Sunday, February 26, 2023

Dorothy Iannone | First recording

Dorothy Iannone
First recording | Lieber Uecker
Berling, Germany: Wiens Verlag, 1993
11 × 7 × 1.5 cm.
Edition of 100 signed and numbered copies

An audio cassette consisting of "First Recording 1969" on the a-side, backed with "Lieber Uecker 1972". Each copy features a different original b/w photo of the artist attached to the front of the j-card insert.

The work is available for €500, here

Iannone died two months ago today, on December 26th, 2022. 

Saturday, February 25, 2023

Paul McCarthy | Fake Shit

Paul McCarthy
Fake Shit
Los Angeles, USA: Brain Multiples, 1992
22.2 x 15.9 x 7.6 cm.
Edition of 10 [+3AP] signed and numbered copies

Enamel on cast aluminum. 

Friday, February 24, 2023

Imin Yeh | Studio Snack Sculpture

Imin Yeh
Studio Snack Sculpture
Minneapolis, USA: Self-published, 2021
Sizes vary
Edition size unknown

Watercolor and acrylic paint on paper, yupo, tracing paper salt, glue, gloss medium.

Thursday, February 23, 2023

Jerry Ropson | This Is A Record of Every Time There Were Tears

Jerry Ropson
This Is A Record of Every Time There Were Tears
Cornerbrook, Canada: Self-published, 2012
9.2 x 5.6 cm.
Edition size unknown
From a series of miniature cardboard LPs, each unique. 

Wednesday, February 22, 2023

Jonathan Monk | My Height In HB Pencil

Jonathan Monk
My Height In HB Pencil
Toronto, Canada: Art Metropole, 2002
10.5 x 15 cm.
Edition of 200 unsigned copies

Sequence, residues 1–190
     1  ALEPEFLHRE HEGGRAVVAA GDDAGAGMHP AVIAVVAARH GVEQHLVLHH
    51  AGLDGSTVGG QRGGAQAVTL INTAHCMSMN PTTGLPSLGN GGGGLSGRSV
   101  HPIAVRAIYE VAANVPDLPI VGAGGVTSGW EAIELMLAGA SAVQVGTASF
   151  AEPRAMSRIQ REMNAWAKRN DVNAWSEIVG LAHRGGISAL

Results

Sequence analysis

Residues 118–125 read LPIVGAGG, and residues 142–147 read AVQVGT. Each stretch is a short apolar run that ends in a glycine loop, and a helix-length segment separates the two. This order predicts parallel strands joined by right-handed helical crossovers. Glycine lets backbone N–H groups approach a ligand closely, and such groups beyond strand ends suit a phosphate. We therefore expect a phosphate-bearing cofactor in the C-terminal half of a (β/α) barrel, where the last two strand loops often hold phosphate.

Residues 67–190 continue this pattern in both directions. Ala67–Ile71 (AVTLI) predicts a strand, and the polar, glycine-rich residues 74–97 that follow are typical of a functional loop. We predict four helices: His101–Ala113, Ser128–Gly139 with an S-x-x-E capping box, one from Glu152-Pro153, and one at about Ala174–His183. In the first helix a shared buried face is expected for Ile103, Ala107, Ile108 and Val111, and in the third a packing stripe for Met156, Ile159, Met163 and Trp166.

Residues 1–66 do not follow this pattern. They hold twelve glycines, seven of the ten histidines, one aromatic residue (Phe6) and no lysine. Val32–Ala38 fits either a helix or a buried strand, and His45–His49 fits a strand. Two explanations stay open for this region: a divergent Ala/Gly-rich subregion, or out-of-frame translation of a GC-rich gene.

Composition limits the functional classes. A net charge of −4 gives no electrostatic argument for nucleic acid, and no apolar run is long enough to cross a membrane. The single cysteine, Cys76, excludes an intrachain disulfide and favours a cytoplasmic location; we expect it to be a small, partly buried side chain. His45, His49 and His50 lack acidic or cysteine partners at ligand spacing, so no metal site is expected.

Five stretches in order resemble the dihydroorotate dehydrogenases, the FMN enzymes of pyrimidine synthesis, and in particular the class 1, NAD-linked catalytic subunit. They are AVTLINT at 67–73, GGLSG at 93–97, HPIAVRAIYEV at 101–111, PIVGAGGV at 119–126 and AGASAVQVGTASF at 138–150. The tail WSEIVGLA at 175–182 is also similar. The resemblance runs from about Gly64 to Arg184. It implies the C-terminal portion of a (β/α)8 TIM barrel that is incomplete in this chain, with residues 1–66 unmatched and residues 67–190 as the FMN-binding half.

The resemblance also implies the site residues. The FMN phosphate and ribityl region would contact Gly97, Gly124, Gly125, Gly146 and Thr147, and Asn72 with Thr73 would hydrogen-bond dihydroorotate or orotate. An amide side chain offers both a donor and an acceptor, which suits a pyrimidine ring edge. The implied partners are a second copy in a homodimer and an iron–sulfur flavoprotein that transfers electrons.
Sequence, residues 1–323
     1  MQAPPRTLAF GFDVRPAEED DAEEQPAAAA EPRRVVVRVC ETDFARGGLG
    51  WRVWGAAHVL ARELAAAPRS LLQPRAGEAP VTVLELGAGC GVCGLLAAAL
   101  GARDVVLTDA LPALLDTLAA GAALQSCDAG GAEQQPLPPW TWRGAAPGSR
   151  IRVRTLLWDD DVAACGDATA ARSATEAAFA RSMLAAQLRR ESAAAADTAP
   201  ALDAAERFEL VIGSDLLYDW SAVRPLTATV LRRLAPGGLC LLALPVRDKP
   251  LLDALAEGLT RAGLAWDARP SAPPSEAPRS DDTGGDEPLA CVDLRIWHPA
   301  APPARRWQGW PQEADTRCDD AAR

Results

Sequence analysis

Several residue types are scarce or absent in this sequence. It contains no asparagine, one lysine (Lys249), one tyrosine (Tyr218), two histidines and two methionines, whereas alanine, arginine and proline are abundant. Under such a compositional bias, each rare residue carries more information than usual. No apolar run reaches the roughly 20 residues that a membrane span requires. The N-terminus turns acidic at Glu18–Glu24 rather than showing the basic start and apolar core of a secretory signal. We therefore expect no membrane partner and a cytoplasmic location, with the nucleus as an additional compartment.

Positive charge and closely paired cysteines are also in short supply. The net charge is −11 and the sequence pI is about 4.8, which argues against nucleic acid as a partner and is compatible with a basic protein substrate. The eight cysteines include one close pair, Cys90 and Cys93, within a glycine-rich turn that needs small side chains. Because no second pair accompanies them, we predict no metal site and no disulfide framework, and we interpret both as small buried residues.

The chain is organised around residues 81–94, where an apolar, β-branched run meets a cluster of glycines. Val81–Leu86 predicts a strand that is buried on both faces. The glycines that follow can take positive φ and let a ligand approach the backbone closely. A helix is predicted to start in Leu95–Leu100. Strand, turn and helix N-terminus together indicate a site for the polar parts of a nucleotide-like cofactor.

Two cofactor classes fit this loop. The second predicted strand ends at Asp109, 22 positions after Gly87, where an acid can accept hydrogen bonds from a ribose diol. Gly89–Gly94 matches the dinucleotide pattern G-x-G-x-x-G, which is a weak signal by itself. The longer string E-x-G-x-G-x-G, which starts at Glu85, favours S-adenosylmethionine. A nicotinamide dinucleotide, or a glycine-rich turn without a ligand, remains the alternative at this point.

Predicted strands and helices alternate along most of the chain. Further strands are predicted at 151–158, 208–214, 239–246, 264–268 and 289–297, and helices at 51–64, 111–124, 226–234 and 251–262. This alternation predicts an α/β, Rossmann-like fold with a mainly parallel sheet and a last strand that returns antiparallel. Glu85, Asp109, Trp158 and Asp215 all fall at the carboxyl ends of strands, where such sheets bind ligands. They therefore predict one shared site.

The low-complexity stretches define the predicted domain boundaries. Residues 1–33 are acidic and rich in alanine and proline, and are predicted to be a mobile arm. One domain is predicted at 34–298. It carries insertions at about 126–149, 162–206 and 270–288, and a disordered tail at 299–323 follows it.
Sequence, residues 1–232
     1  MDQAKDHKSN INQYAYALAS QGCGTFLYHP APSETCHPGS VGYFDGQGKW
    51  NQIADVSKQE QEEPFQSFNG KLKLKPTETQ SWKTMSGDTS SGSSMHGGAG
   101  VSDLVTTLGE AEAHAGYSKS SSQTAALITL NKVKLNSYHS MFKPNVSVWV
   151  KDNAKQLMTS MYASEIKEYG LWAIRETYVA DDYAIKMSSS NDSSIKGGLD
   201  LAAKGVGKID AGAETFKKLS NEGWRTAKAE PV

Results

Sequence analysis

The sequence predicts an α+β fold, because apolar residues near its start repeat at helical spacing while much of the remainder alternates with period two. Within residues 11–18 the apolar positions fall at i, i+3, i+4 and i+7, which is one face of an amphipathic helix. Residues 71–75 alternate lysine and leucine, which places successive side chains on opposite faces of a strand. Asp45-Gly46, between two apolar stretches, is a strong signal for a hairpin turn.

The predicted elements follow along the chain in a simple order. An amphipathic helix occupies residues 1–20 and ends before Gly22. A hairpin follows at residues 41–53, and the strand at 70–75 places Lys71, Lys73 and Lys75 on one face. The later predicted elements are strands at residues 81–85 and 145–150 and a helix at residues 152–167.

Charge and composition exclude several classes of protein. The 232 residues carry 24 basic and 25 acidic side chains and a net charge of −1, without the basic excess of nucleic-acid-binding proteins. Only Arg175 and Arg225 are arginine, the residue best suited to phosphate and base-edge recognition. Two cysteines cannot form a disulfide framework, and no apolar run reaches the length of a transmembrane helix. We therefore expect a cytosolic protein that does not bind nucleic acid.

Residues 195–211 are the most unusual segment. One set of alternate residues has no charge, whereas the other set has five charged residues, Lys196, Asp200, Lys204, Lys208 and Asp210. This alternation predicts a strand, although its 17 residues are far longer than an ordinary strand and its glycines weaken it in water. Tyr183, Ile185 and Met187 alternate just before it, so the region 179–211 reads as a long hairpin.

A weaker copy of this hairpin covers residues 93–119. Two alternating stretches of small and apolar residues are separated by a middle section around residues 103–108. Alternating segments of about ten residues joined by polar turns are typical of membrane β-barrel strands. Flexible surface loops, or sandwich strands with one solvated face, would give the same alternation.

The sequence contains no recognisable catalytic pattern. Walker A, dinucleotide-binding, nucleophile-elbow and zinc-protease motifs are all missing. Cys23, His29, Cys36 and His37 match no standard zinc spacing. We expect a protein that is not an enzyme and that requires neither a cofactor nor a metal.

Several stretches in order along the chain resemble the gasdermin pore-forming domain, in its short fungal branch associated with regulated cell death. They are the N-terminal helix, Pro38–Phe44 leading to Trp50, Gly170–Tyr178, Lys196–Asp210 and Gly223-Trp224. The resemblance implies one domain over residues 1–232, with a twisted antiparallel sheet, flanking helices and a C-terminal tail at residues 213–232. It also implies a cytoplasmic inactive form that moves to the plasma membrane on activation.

A hand-drawn line on the front of the card with the verso containing the instructions: 

“Install this postcard on any wall with the pencil line six feet above the floor. "

Tuesday, February 21, 2023

Ay-O | Fingerbox

New York City, USA: Fluxus, c1964
10.2 × 45.7 × 30.5 cm.
Edition size unknown

A black vinyl attache case containing fifteen wood finger boxes, each 8.2 x 8.2 x 8.2 cm. The case features three labels designed by George Maciunas. 

Each box includes a circular hole into it, lined with a rubber membrane so that the viewer can insert a finger to feel the contents inside. 

The below list of contents is from a variation of the work (in the 1977 FluxCabinet) but gives a sense of the type of items found inside the fingerboxes: vaseline, water, rubber, foam, bristle brushes, bells, rice, beads, feather, etc. Other contents may include the smooth interior of a glass tube, a piece of stone, coins, sugar, salt, rubber balls, and so on. 

Maciunas described the work in a letter as including items ranging from "nylon stockings, feathers or even thumb tacks – are you willing to take the risk?”

Monday, February 20, 2023

Tom Friedman | Zombie

Tom Friedman 
New York City, USA: Rodney Hill Editions, 1997
16 × 16 × 16 cm.
Edition of 15 signed and numbered copies [+ 3 APs]

A painted wood plinth with a motorized kid's toy wheel at the base, allowing it to roam freely. 

Sunday, February 19, 2023

Eno / Wobble | Spinner

Eno / Wobble
London, UK: All Saints, 2020
12" vinyl LP, 51:00
Edition size unknown

I found this record on vinyl last week at a mall in Moncton, of all places. Originally released in 1995, the disk was reissued in 2020, to celebrate its 25th anniversary.